Last week, State Rep. Brian Sims hosted a legislative policy hearing in Center City about comprehensive sex education for Pennsylvania’s youth. The hearing spoke to HB1586, the Comprehensive Sex Ed Bill, introduced into the State House last February and referred to the Committee on Education last June.
In addition to Sims, the other principle cosponsor is Rep. Mary Jo Daley. As of June, when it went to committee, the bill had 25 sponsors in addition to Sims and Daley.
“Sex education in Pennsylvania is like a wild west scenario,” said Sims. “There is no standardized curriculum; you never know what is being taught from school to school. This bill will rectify that.”
According to Sims, “The bill will facilitate the devising of a medically accurate, evidence-based and non-judgmental curriculum that is consistent throughout the state. The goal is to enable and empower students with the information they need to address such issues as gender identity and affirmative assent and disease and pregnancy prevention in a non-judgmental environment.”
Sims made a point of differentiating the job of legislators from that of educators. “Our job as legislators is to craft policy, not curricula. We intend this bill to provide the tools for qualified educators to craft a model curriculum.”
In a memorandum distributed to State House members seeking co-sponsors for HB1586, Sims wrote, “The Centers for Disease Control and Prevention has reported that ‘comprehensive sex education programs have been shown to reduce high-risk sexual behavior, a clear factor for sexual violence victimization and perpetration.’ In addition, several studies found that comprehensive sex ed increases positive sexual behaviors in teens.”
Most members of the Committee on Education, headed by Committee Chairman Mike Sturla, attended the meeting. The purpose of the hearing was to hear testimony explaining the need for a comprehensive sex education program in Pennsylvania. To that end, a dozen educators, social workers, activists and parents testified.
The first to speak was Melissa Weiler Gerber, CEO of AccessMatters, which she described as “a public health nonprofit organization that innovates, empowers and works to equalize access to sexual and reproductive health care for teens and adults in need.”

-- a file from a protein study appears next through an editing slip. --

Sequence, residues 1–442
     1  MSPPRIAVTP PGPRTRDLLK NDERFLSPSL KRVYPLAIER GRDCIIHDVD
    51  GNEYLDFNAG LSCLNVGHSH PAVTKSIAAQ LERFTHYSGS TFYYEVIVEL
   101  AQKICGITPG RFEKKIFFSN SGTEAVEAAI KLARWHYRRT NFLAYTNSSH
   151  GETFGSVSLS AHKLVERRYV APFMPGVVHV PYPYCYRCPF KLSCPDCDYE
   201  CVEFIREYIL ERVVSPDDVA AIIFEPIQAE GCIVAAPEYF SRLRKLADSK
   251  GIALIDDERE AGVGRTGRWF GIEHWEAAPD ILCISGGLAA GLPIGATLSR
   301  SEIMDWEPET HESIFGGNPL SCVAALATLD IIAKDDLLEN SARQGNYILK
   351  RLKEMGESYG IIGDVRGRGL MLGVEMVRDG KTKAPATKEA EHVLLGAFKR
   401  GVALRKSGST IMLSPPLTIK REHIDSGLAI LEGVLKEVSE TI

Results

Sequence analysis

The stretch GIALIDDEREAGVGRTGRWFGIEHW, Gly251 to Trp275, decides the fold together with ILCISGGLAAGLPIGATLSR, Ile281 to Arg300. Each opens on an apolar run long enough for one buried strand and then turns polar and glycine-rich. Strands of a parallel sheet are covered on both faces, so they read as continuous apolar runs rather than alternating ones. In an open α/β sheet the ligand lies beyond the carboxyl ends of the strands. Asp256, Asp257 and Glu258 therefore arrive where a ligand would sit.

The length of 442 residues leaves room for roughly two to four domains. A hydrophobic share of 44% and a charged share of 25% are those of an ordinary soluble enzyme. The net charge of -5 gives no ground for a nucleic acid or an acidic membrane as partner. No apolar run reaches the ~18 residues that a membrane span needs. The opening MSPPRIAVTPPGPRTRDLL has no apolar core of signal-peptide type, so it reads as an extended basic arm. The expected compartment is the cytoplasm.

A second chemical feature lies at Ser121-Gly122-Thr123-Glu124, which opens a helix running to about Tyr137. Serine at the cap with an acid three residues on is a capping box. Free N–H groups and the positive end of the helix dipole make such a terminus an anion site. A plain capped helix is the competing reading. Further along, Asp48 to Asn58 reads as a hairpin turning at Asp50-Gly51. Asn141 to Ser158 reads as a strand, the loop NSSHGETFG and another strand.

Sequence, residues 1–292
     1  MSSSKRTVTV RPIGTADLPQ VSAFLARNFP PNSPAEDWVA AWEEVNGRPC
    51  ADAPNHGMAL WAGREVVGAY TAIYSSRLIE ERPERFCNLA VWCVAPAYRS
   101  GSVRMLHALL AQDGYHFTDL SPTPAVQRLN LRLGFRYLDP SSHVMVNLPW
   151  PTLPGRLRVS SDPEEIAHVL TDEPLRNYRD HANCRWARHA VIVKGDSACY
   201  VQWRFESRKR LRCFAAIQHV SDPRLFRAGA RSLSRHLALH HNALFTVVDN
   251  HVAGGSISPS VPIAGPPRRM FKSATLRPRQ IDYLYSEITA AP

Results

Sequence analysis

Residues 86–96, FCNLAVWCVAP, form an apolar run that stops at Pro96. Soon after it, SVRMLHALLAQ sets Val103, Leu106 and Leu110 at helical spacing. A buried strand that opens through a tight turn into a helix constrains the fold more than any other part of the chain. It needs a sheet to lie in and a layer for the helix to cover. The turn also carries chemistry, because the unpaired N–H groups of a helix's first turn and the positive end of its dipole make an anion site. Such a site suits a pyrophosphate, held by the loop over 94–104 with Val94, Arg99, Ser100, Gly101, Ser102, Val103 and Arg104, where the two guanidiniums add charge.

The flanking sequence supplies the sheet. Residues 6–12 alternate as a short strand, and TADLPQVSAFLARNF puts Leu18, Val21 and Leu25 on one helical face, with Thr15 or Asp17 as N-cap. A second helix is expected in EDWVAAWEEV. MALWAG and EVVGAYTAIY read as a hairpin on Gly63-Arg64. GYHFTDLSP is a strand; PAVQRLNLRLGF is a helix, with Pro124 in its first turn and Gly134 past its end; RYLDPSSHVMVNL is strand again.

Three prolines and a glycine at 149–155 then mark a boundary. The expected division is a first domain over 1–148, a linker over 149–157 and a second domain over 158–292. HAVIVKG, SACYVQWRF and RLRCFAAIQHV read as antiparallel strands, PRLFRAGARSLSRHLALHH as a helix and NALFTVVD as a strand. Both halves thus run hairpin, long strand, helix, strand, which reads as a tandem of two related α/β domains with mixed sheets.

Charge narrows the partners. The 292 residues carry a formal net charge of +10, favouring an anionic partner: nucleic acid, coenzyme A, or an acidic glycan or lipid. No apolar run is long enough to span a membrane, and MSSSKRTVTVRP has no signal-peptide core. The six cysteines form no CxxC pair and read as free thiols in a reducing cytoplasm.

According to Gerber, “A recent review of sexual and reproductive curricula for adolescents found that school-based programs were generally effective at increasing adolescents’ knowledge of sexual and reproductive health, and use of contraception. We see the benefits of access to sex education that is compressive, medically accurate and age-appropriate.”
Lynette Medley, CEO of No More Secrets Mind Body Spirit, Inc., addressed the issue of sexuality. “School-based curriculums largely ignore LGBT relationships as expressed by many youth who have been ridiculed, shunned or ignored when questioning the depiction of traditional families. The negative and harmful self-perceptions many of our youth possess due to environmental influences and societal norms exemplify the urgency of having these open, honest and realistic conversations in our community.”
Medley added, “It is downright negligent and incomprehensible to place our youth at risk.”
Alma Sheppard-Matsuo, out genderqueer nonbinary teacher at Dobbins CTE High School, said “Sexual development is just that. It is a part of us that undergoes development throughout our lifetimes, most especially in our youth. It is a fact that our schools are in dire need of better, consent-informed, LGBTQAI-inclusive sex ed that is taught in every grade.”
Executive Director of the Women’s Medical Fund Elicia Gonzales summed it up well when she said, “We have been doing it all wrong, folks. When sex ed is even offered, it is preaching abstinence, instilling fear, pathologizing our bodies and behaviors or focused solely on risk. We are swimming upstream and fighting against human nature — and how’s that working for any of us?”